Case Study



University of Aberdeen
University of Edinburgh
University of Strathclyde


Creative Industries
Life and Chemical Sciences


Edinburgh & Lothians

Sitting is more dangerous than smoking, kills more people than HIV and is more treacherous than parachuting. We are sitting ourselves to death.”  Dr James Levine, Director of the Mayo Clinic, Arizona State University

Company Background
Each year, significant numbers of workers suffer ill health as a result of poor ergonomics and unhealthy lifestyles at work. This has an impact on quality of life and results in tens of millions of lost sick days. With awareness growing of the adverse effects of sedentary, desk-bound, computer-centric work lifestyles, Welbot was founded in Edinburgh in 2017 with a primary goal of helping people take control of their wellbeing in the workplace by instigating positive behavioural modification through the use of smart, appropriate technologies.
The Welbot team comprises of Mykay Kamara (CEO), Sam Deere (CTO) and Pete Burns (CDO) who are a close-knit group of commercial, technology and marketing minds working alongside Creative Directors Ian Greenhill and Jordan Laird, with the business being chaired by Ian Smith ex-MD of Oracle UK.
Welbot is a cross-platform, digital intervention and productivity platform, tailored to each user, that helps employees stay physically and mentally well in the workplace by learning and adapting to the actions that they take. The wellness management software encourages activities such as stretching, screen breaks, nutrition, mindfulness, hydration, micro exercises and simple, rewarding brain training games and is designed and engineered for both individual and large-scale enterprise use.

The company initially wanted to collaborate with a university to understand how they could extract knowledge and insights from data and machine learning, especially around autonomous, self-teaching systems that can analyse data and provide insights to human behaviour. The aim of this project was to 1. investigate the use of predictive models of user response to screen-based notifications and prompts and 2. provide a path for future enhancement of the underlying Welbot AI framework.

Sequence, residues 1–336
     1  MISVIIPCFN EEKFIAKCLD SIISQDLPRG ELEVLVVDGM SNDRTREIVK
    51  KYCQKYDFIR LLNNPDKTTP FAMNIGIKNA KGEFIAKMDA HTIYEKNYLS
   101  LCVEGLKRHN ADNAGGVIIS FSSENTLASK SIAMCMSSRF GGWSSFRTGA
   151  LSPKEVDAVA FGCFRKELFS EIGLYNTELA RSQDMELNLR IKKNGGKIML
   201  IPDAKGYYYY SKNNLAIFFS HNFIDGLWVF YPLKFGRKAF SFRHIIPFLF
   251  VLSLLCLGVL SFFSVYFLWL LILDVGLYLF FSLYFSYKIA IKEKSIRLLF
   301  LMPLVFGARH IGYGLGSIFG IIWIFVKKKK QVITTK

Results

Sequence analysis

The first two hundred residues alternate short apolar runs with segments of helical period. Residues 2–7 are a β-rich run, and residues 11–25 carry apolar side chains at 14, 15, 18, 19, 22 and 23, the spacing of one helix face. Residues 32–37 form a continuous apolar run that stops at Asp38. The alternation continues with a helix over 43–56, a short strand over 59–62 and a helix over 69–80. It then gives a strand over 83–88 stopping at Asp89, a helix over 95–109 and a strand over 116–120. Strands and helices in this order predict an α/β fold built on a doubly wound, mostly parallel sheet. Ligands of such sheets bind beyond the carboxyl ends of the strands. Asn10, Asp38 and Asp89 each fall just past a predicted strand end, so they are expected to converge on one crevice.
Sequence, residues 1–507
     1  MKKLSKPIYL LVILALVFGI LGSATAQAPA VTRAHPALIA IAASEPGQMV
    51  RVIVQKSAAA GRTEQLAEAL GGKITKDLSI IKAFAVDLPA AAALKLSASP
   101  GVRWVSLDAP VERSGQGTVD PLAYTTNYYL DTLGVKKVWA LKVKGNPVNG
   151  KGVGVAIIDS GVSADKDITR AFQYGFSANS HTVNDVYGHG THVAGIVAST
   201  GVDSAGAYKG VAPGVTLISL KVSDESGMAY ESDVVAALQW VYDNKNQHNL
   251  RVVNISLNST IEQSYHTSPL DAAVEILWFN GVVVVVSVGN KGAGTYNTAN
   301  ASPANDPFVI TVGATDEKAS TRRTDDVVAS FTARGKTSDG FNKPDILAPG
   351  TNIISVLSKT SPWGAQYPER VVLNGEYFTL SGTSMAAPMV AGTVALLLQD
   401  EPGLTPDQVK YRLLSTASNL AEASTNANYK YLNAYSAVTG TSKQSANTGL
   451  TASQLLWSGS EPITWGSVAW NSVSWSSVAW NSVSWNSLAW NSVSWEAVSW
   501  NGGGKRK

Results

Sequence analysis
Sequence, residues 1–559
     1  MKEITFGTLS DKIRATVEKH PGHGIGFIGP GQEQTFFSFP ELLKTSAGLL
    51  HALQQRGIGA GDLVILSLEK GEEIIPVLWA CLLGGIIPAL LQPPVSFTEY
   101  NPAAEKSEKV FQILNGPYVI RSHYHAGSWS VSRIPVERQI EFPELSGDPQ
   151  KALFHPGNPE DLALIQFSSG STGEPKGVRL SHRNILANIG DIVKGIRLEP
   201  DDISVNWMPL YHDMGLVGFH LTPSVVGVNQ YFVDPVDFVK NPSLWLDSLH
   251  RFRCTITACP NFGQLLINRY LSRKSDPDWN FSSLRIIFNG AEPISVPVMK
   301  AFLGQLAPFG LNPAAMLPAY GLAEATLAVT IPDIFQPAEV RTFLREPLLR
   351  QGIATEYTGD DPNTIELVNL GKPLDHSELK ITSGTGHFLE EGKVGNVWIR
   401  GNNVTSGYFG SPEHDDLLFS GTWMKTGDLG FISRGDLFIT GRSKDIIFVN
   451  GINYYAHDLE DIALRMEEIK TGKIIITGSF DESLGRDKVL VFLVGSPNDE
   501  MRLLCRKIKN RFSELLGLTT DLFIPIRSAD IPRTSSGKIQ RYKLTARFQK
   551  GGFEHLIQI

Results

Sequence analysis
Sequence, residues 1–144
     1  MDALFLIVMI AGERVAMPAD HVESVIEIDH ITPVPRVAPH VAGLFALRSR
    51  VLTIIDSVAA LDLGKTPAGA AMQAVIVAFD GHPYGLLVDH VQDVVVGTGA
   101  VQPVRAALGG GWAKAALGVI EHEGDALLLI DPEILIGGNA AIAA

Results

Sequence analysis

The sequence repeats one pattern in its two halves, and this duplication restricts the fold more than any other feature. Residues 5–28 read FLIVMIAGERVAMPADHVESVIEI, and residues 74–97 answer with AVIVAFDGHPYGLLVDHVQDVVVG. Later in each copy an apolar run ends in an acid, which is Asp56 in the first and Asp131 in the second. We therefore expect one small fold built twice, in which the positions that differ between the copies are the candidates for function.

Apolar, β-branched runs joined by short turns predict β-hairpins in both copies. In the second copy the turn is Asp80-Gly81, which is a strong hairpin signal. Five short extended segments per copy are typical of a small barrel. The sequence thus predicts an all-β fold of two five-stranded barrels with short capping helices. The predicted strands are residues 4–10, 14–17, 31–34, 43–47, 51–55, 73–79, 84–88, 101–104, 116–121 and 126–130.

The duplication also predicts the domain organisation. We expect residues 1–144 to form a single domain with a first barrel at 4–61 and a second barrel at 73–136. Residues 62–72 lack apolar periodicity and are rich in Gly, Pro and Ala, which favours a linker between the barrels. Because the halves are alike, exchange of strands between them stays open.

Interface connected the team with the Department of Computing and Information Science at the University of Strathclyde, where they were successfully awarded a Scottish Funding Council Innovation Voucher to address the company’s challenge and to develop a proof of concept prototype to incorporate the findings into the application roadmap.

Follow-on Activity 
In addition, Interface saw the opportunity to provide additional support to the company by partnering them with marketing and business students at both the University of Strathclyde and the University of Edinburgh. Interface drew up a project outline and introduced the team to the academic supervisors at both universities. The projects were approved and the company now has a student team from Marketing at the University of Strathclyde researching, analysing and making recommendations to support their business strategy around corporate wellbeing programmes in the UK, as well as an Msc student from the University of Edinburgh, doing a company sponsored dissertation on evaluating the uptake and Return On Investment of wellbeing programmes.
Offering further support to the company, Interface issued another search across the universities to support their requirement of cross-disciplinary academic expertise in exercise physiology and computer science. They were ultimately partnered again with the University of Strathclyde who had the best fit to continue the project. Strathclyde were successfully awarded a Follow-On Innovation Voucher and they have drawn upon academic expertise from both the School of Psychological Sciences and Health (PSH) and Computer and Information Sciences (CIS).  This project will address analytics of user behavioural data and the psychological effects of prolonged sedentary behaviour on the body.
Welbot are also working with experts in behavioural sciences within the University of Strathclyde, University of Edinburgh and University of Aberdeen to look at psychological and behavioural sciences with a focus on occupational stress, behaviours relating to wellbeing in the workplace, and responses to stimuli to change behaviour in a technology setting.
These collaborations have all been achieved within just an eight-month time frame.